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The Mansion

A Grade I Listed Building in Woodchester, Gloucestershire

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Latitude: 51.7109 / 51°42'39"N

Longitude: -2.2778 / 2°16'40"W

OS Eastings: 380902

OS Northings: 201384

OS Grid: SO809013

Mapcode National: GBR 0LK.LY4

Mapcode Global: VH953.G8P9

Entry Name: The Mansion

Listing Date: 28 June 1960

Grade: I

Source: Historic England

Source ID: 1340703

English Heritage Legacy ID: 132140

Location: Woodchester, Stroud, Gloucestershire, GL10

County: Gloucestershire

District: Stroud

Civil Parish: Woodchester

Traditional County: Gloucestershire

Lieutenancy Area (Ceremonial County): Gloucestershire

Church of England Parish: Woodchester St Mary

Church of England Diocese: Gloucester

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Listing Text


4/265 The Mansion


Large country house. c1854-1868 by Benjamin Bucknall for William
Leigh. Ashlar limestone; ashlar chimneys; stone slate roof.
High Victorian Gothic style. Built around small courtyard. Main
2-storey with attic L-plan range to south; chapel to east;
secondary range to west; and service range to north, built into
hill side. South front: 3 parapet gables above buttressed wall.
Symmetrical 8-window fenestration, 4-light wide mullioned and
transomed to ground floor with shouldered arched lower and trefoil
headed upper lights, 3-light wide to upper floor with trefoil
headed upper lights, paired cross windows in attic gables with
quatrefoil vent over. Mullioned cellar windows. Continuous drip
moulds above windows running over buttresses, alternating
buttresses having realistically carved animal gargoyles receiving
water from channel down coped top of buttress below stone gutters
on carved stone brackets. Paired ridge-mounted chimneys with
circular shafts. East side: 3 main gable ends, central to chapel
with simple fin-like buttresses and elaborate flowing tracery to 5-
light east window. Two 3-light chapel windows on south side,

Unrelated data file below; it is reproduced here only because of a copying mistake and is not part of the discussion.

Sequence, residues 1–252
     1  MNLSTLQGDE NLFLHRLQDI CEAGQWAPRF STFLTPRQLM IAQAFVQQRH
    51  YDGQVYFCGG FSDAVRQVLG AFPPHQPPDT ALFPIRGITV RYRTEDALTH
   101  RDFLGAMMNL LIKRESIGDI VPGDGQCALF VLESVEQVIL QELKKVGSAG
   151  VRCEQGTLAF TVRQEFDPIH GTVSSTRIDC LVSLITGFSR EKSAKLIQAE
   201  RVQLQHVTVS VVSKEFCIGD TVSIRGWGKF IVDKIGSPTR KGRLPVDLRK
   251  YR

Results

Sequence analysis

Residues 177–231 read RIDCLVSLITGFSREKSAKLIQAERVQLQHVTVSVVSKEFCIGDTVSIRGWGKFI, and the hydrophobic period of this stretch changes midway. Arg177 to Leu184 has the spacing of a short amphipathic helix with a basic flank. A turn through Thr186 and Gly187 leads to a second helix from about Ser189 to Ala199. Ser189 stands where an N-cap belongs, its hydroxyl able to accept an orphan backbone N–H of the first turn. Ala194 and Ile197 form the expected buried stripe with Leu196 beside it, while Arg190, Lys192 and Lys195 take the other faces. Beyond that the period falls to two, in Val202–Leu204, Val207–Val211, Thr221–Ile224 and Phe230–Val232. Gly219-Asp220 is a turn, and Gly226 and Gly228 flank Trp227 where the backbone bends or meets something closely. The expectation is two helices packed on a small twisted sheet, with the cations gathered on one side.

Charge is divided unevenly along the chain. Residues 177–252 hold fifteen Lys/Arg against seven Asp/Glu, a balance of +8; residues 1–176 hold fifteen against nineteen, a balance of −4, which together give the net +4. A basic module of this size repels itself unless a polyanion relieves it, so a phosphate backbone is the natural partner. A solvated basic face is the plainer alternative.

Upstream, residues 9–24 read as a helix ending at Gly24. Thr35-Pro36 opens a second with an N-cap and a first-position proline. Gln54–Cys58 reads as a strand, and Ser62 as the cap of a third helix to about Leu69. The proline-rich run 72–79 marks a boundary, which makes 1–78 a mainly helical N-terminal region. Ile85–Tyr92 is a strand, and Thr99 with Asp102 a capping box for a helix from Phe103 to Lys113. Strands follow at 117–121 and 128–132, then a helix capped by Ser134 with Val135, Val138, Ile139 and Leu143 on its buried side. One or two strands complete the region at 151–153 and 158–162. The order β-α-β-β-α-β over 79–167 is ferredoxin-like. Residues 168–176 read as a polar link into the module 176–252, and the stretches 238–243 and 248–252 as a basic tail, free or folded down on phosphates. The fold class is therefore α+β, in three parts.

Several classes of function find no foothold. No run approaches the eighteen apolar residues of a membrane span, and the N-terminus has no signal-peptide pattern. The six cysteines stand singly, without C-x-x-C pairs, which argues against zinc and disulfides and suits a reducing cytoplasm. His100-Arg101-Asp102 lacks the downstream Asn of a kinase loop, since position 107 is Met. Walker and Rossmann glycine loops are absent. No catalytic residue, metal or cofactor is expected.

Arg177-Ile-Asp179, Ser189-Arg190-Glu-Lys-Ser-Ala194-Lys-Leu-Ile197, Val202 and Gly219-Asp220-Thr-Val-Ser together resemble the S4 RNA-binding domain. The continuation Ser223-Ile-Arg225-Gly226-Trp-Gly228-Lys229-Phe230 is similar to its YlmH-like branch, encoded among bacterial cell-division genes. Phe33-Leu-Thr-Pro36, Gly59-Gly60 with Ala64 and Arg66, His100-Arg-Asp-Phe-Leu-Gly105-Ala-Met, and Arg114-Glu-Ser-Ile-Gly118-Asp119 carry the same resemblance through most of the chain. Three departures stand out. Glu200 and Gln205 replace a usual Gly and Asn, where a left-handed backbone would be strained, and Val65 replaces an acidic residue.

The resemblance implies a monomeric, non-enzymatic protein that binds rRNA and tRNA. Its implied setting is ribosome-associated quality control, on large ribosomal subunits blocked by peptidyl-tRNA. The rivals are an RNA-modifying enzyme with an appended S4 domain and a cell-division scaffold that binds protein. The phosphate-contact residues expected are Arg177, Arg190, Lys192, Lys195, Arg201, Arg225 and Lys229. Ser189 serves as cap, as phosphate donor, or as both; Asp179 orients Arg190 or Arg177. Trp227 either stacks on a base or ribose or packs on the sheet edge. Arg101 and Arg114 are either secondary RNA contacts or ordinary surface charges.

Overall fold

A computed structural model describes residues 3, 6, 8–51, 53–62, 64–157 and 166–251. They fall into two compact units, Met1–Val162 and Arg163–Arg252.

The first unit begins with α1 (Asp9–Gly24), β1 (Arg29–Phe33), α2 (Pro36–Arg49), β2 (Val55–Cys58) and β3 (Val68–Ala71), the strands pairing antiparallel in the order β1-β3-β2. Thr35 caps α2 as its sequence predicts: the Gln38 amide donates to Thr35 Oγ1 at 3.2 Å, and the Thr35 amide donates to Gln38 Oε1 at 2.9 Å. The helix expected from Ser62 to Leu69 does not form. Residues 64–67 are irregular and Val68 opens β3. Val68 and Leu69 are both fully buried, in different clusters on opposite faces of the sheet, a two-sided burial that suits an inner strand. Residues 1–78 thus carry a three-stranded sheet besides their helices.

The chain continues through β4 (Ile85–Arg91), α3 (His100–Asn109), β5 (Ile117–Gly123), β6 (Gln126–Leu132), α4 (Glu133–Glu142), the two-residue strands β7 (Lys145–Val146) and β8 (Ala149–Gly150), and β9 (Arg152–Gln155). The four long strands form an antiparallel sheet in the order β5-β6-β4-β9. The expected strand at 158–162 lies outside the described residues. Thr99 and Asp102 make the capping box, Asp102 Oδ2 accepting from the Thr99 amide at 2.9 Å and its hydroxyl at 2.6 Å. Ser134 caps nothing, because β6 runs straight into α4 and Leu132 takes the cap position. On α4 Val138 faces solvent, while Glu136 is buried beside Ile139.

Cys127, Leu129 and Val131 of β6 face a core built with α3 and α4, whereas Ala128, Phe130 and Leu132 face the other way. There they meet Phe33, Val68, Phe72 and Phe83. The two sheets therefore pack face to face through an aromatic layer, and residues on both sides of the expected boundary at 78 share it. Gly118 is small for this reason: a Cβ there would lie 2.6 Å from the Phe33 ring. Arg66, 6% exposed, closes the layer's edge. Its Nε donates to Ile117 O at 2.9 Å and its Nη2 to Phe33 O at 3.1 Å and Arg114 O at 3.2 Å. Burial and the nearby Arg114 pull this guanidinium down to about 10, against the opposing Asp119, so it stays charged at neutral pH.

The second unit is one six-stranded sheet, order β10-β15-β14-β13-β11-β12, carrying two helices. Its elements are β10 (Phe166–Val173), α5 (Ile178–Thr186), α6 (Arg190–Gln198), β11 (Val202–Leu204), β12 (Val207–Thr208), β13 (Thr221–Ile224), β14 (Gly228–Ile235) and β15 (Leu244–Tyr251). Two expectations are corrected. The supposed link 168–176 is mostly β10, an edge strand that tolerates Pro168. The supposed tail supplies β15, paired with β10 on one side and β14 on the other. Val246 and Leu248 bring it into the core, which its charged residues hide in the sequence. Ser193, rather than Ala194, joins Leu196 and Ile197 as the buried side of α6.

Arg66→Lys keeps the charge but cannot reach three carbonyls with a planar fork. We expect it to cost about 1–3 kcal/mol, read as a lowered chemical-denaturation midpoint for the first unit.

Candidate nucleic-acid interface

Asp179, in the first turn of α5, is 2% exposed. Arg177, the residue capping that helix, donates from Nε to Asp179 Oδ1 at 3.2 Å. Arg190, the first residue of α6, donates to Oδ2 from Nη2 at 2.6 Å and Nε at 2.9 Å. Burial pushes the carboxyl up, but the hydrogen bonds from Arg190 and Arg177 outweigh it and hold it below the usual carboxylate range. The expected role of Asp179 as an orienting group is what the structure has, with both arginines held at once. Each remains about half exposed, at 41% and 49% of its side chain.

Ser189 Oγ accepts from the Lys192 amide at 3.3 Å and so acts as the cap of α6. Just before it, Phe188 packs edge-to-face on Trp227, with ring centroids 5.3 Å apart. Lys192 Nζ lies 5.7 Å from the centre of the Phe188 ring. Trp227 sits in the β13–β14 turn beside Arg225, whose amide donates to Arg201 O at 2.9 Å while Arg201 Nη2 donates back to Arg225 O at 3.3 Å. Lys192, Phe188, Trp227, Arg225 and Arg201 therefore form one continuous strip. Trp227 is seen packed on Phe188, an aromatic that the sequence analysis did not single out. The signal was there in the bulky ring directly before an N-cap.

single to north, with matching tracery. Gable end of main south
range to left with large off-centre single-storey canted bay window
having large mullioned and transomed window to each face; diagonal
corner buttresses with attached shafts and winged animal gargoyles;
trefoil-headed lancet-pierced parapet. Large pointed relieving
arch above bay is echoed by drip mould. Fenestration otherwise
mixed mullioned or transomed, upper having separate hoodmoulds.
Gable end of service range to right with scattered mullioned
casements, bold diagonal buttresses and ridge-mounted stone vents.
West side: very changeful, not contrived but resulting from large
gable end of main range to right, buttressed return wing to centre
and service range to left with projecting wing. Belfry tower set
behind dominates this range, having tall coped hipped roof, carved
cresting and iron weather vane; tall stone louvred belfry
openings. Courtyard: buttressed west end of chapel with
spherical triangular window containing rose tracery; two 2-light
windows below with Decorated tracery. Central gabled projection
to rear of main range with stepped trefoil headed stair lights;
much leaded glazing installed. Various stone rainwater pipes,
buttresses and stone-bracketed gutters.
Interior: fine tierceron chapel vault with individually carved
flower bosses. Most of house interior is incomplete, arched stone
fireplaces and doorways being installed. Main range has one room
with completed stone vaulting, otherwise only springing in place.
Round arched moulded rere-arches to main front windows. Simpler
vaulting to staircase and corridors. Many other stone fittings
including bath and tunnel vaulted shower with animal gargoyle water
outlet. Leigh bought Woodchester Park from Lord Ducie in 1845
demolishing the C18 mansion and starting this large house, designed
by a young local architect. Bucknall was greatly influenced by
Viollet-le-Duc from an early age, becoming his English translator,
and this is his most thorough application of a rational approach to
Gothic architecture. Never completed, the house is partially
glazed and completely roofed. One of the most remarkable houses
of its period and uniquely exhibiting its construction process.
Also in the large landscaped park (possibly by Capability Brown)
are a boat house (q.v.) and The Tower (q.v.).
(The NMR has an extensive set of photographs. M. Girouard, The
Victorian Country House, 1979; D. Verey, article in Country
Life, 6th February 1969, and Gloucestershire: The Cotswolds,

Listing NGR: SO8090201384

This text is from the original listing, and may not necessarily reflect the current setting of the building.

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